And then one day in September 2016 — fully 4.5 years after I attended my first birth — one of my close friends, who has become acquainted with the idea of home birth and midwifery largely because of my passionate influence over the years, signed up as an apprentice with a local doula and began exploring a training program with my beloved midwife. My immediate and unexpectedly intense reaction to her announcement was jealousy and sadness, and later that night when my kids were in bed, I cried heaving sobs for an hour straight. I was so disappointed in myself for responding with jealousy and territorial impulses when I had typically been so quick to use phrases like, “collaboration, not competition” or to agree readily with the idea that strong women empower one another. So, why was I a raging mess of all things the antithesis of those deeply held beliefs?! It took a couple days to move past the feelings themselves and then through the shame and guilt over having those feelings before I could finally see: I was jealous because what she was pursing was something my own heart wanted much more than I was willing to admit to even myself. Her pursuit of it opened my eyes to what had become a much bigger chunk of my identity than I had previously been in touch with.

Processed with VSCO with a5 presetSo I gave myself permission for the first time to move past my initial dismissive response to the pull of midwifery and into dreaming and wondering and dismantling my reservations. In a craze of slightly OCD behavior, I began looking up midwifery education options, reading the stories of midwives’ call and path into midwifery, reaching out to midwife friends for their feedback and advice, and identifying some lies I had been believing about what midwifery would inevitably do to ruin my life and my family’s health. Several days later, I was expansively and glowingly gushing to my husband about all the possibilities and how excited I was becoming, about how I felt so free in admitting to myself that maybe I did in fact want to be a midwife. He stopped me and said, incredulously, “So what’s going on with you right now? Are you…becoming a midwife?” I laughed uncomfortably, feeling that surely I couldn’t declare in that moment — without a bit of training or trial — a yes to such a question. And yet, in those moments, a conversion was beginning in my heart. There may be YEARS between this moment and the fullness of being a practicing midwife, but in my heart, I think I am indeed becoming one.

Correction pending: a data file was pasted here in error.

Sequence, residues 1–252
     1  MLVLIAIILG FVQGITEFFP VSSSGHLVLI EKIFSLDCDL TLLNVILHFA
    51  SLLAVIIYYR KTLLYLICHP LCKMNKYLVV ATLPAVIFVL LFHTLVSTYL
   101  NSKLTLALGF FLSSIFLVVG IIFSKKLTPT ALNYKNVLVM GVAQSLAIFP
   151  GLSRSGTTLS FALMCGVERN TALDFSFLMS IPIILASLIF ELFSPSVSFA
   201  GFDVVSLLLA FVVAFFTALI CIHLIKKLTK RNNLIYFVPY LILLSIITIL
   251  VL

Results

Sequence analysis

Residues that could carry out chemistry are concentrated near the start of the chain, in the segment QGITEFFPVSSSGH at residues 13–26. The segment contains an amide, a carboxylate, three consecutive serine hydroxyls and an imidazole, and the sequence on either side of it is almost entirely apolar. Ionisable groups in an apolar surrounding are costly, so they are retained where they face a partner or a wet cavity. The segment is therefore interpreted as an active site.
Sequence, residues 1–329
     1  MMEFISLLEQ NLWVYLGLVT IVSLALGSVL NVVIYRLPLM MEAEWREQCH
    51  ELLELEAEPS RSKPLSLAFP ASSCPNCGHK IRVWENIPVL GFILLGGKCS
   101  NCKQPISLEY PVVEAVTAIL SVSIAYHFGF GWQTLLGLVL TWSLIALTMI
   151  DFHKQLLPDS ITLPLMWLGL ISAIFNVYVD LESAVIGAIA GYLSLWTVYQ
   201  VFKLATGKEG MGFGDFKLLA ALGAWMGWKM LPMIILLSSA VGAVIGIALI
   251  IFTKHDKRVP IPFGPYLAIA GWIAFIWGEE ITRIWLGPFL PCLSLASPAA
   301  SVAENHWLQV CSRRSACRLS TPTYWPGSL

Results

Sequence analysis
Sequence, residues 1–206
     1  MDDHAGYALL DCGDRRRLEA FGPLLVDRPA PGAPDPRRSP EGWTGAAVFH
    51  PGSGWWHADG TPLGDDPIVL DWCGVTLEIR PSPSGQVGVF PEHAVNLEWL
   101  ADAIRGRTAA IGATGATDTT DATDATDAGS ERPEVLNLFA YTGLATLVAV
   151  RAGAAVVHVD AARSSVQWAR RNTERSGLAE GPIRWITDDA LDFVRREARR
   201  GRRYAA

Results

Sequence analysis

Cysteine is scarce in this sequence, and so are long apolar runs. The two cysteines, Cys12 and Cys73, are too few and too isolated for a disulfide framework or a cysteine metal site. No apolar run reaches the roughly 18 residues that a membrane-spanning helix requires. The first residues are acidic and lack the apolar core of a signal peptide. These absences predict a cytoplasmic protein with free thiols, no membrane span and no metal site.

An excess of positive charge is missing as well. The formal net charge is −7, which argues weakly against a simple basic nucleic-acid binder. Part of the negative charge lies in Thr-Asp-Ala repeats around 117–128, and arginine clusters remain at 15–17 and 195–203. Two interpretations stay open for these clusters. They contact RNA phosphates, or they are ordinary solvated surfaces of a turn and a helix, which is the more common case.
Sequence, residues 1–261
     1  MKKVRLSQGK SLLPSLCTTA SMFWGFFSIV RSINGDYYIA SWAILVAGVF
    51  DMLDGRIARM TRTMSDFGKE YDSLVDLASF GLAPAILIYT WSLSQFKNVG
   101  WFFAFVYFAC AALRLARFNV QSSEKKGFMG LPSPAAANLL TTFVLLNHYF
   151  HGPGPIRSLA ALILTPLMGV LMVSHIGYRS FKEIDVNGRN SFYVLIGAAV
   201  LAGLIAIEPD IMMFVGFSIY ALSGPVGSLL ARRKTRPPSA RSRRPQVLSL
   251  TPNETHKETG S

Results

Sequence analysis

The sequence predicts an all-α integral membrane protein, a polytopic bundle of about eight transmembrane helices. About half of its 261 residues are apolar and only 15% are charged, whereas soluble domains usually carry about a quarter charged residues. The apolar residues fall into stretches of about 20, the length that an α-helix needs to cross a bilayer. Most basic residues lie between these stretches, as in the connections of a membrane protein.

How vulnerable and tender it feels to confess that. And yes, it feels like a confession. To say that opens up the door to so much potential failure, to the humility of a steep learning curve, and to the possibility of deep disappointment. Working up the nerve to begin a conversation about this with my own midwife — who has become a dear friend and with whom I’ve attended over a dozen births besides my own three — rendered me teary-eyed and heart-pounding with nerves. She knows me well and has seen me around birth often, so HER input would weigh especially heavily to me. I tentatively ventured to ask her simply, “Could we talk sometime about me and midwifery?” She replied with ecstatic, capitalized yeses and tears in her eyes. In a longer conversation, she told me that she has known since before my second child’s birth in 2013 that someday I would be her student and that she has been waiting a long time for the day when I would begin this very conversation with her. How like a midwife to wait so patiently and long for a birth to take place, with no interference or rushing, simply her presence and nurturing (and maybe some under-the-radar teaching). Upon being invited by her to begin apprenticing immediately, I insisted that I was ready to commit only to reading books and praying. She gave me three book titles, and in the months leading up to the birth of my 4th child and in the sweet postpartum period after, I will be studying and wondering and leaving the door open.

img_0375———-

I’ll write again soon about the type of midwife I think I may want to be, and the pathway to getting there, as well as some of the experiences/qualifications God has built into my life up until now and which suddenly make more sense in light of how they come together to prepare me for this vocational change.

Thank you for listening, friends!